But I'm not convinced that an increased appetite and a craving for sweets is such a problem. In one recent study, women ate about 200 to 300 extra calories - and a teaspoon or two more sugar - per day the week before menstruating. So what? They returned to a lower calorie and sugar intake during the following weeks.
Burning for B-6. I might have been tempted to try Optivite, to see if it curbed my "anxiety" ... if it weren't for the hazards of vitamin B-6.
The six Optivites taken every day by Chakmajian's patients supplied a total of 300 mg of the vitamin. Women who have taken 500 mg or more of B-6 (often for PMS) for two months or longer have developed burning, shooting, or tingling pains or numbness in their hands and feet, clumsiness, or unstable gait - a condition known as sensory neuropathy.
Fortunately, it goes away when the victims stop taking B-6. One report says that does as low as 50 mg can cause the disorder in sensitive people.
"At doses less than 500 mg, neuropathy is not a problem," says Abraham, arguing that the report was not well-documented. But most B-6 experts are not that cavalier.
"I consider 300 mg to be in a gray area," says Robert Reynolds, of the U.S. Department of Agriculture. "We don't have sufficient data to say whether that dose can be take with complete confidence or complete panic."
Until someone gets sufficient data, 300 mg is too close to the danger dose for me. Especially when I'm not convinced that B-6 works.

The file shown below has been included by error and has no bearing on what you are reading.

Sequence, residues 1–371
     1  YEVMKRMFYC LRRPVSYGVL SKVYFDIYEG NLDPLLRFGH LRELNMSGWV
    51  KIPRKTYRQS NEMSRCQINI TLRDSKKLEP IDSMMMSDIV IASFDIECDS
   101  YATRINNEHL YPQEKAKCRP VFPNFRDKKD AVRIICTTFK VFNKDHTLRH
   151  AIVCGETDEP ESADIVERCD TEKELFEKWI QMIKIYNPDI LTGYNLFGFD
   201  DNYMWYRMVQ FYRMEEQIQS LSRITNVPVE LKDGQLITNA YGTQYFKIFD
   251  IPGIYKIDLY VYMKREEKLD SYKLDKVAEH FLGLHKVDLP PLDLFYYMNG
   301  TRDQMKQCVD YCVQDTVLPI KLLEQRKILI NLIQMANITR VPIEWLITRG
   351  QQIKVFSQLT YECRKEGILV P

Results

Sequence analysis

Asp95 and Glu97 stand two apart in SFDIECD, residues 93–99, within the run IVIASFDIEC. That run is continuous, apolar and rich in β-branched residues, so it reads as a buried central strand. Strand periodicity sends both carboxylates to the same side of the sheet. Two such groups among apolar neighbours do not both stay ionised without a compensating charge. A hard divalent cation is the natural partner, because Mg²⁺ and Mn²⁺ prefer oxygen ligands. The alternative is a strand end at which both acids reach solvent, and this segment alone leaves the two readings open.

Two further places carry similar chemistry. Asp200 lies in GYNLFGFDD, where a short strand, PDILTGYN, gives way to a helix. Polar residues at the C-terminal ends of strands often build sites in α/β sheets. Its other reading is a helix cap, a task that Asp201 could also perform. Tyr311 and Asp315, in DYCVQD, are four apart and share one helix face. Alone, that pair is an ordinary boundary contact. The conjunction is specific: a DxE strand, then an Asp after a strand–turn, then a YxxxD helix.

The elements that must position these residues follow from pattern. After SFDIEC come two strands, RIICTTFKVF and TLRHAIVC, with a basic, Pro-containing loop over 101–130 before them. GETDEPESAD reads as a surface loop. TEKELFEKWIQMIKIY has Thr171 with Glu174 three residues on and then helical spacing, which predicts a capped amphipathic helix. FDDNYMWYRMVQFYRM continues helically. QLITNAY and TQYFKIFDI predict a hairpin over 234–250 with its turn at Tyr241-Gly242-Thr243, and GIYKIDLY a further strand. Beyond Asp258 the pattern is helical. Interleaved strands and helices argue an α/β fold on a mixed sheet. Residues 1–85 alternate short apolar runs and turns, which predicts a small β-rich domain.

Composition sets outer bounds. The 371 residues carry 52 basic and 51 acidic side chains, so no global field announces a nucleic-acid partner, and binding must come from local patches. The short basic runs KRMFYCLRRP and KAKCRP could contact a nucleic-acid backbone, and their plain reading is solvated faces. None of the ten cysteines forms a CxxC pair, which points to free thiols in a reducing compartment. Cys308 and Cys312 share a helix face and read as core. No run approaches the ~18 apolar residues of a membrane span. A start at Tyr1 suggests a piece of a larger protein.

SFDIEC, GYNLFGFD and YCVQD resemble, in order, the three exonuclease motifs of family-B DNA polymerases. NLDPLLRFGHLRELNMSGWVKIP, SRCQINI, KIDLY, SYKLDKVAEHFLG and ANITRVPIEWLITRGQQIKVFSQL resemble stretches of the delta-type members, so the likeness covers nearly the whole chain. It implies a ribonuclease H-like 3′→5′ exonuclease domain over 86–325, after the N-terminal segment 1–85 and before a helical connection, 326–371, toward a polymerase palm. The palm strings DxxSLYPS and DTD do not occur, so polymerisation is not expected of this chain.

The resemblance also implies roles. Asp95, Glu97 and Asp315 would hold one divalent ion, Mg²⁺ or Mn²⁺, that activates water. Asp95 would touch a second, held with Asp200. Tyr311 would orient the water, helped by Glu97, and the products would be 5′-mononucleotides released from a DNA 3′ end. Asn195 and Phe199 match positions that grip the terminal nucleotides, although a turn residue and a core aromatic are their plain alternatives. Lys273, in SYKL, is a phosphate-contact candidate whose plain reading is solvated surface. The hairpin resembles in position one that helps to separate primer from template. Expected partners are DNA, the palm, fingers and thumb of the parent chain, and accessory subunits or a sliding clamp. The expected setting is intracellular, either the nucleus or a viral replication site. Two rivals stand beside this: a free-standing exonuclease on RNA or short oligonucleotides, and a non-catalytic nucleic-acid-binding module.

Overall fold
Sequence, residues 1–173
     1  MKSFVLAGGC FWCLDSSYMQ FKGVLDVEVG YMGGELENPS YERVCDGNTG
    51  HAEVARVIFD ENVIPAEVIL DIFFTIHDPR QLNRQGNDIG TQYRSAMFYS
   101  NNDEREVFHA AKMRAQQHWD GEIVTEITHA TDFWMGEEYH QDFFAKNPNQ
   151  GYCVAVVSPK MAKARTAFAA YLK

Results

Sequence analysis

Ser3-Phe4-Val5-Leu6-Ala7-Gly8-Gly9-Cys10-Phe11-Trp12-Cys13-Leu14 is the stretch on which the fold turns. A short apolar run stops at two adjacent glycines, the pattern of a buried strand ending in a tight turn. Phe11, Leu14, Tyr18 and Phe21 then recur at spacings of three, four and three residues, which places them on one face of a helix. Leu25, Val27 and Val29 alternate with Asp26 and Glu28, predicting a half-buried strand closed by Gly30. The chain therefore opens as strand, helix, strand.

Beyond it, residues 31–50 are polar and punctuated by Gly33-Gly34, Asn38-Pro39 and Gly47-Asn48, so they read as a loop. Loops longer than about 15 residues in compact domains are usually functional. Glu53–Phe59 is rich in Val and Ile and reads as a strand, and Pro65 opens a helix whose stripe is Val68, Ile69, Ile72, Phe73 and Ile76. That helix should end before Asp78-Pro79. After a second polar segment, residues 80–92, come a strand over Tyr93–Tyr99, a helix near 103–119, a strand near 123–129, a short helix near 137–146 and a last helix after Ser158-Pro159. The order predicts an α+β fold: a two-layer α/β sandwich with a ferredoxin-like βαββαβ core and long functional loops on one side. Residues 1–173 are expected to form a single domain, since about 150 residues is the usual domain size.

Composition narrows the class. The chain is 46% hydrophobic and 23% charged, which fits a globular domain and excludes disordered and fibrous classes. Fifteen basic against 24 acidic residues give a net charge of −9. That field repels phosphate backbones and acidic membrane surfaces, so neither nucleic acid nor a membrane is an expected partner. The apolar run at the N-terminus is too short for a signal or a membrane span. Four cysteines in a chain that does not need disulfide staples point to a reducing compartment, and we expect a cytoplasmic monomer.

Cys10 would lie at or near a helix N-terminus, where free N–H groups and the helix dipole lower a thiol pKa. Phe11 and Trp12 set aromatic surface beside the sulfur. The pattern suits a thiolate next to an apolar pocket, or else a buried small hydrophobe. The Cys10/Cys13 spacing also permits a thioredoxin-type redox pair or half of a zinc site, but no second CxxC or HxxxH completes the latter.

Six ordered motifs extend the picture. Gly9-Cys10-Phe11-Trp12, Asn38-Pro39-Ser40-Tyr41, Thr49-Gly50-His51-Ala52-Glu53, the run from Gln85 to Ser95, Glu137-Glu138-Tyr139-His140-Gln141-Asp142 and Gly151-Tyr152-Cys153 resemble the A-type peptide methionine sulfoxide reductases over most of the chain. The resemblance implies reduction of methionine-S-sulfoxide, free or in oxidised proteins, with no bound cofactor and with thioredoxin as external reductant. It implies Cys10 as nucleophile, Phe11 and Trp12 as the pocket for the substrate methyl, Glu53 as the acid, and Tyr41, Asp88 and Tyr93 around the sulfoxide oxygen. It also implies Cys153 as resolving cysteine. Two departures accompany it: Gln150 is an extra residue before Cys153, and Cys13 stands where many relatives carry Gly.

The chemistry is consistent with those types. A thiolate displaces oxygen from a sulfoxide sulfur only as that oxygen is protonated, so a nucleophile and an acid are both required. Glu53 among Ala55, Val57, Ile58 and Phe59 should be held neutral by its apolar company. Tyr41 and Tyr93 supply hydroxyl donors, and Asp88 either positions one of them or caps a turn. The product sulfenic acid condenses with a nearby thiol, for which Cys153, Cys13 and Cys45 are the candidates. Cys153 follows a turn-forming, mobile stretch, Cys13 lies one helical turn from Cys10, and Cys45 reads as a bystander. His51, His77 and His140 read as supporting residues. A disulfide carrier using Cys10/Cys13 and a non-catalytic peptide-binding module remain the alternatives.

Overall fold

Three earlier double-blind studies on vitamin B-6 alone (not Optivite) showed that it failed to alleviate the symptoms of PMS. Abraham says that's because the doses (50 to 200 mg) were too low.
In his own study, 500 mg relieved symptoms in 21 out of 25 patients. But that study has been heavily criticized.
"Abraham didn't diagnose his patients properly," says David Rubinow, clinical director of the NIMH. Samuel Smith, of Sinai Hospital in Baltimore, agrees. "Forty percent of his patients didn't have PMS," he says. "They had symptoms during the [post-menstrual] phase."
Nevertheless, the NIMH hasn't given up on B-6. It's testing 200 mg a day on women with confirmed premenstrual syndrome (so far, none of the participants has had problems with that does). The results, says the NIMH's Peter Schmidt, "should be available in the next year or so."
Down the Primrose Path. Samuel Smith's solution, at least for PMS-sufferers who have breast tenderness or water retention, is now illegal.
The supplement - evening primrose oil - is 72 percent linoleic acid (the major component of safflower, corn, and soybean oil). Nine percent is gamma-linolenic acid, the so-called "active" ingredient.
The Food and Drug Administration recently won a lawsuit to prohibit the sale of evening primrose oil, on the grounds that the oil is not generally recognized as safe and is not approved for use as a food additive.
(I asked the FDA's John Thomas why this now-illegal supplement is still widely available in health food stores and through the mails. His answer: "The police can't catch everyone who goes through a red light.")